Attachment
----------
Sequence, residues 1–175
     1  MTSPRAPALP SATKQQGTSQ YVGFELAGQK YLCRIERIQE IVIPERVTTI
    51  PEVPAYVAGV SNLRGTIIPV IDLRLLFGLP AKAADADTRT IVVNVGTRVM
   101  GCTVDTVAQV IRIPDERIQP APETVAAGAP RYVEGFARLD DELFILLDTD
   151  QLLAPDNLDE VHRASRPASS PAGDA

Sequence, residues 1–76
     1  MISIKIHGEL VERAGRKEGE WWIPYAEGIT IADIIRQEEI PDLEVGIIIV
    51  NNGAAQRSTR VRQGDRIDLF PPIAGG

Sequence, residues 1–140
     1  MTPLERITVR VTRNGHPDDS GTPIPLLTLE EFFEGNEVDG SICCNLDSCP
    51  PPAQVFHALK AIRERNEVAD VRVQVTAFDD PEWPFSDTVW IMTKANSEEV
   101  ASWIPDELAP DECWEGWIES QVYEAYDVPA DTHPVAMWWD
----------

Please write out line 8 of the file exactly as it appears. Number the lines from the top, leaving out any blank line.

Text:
    51  NNGAAQRSTR VRQGDRIDLF PPIAGG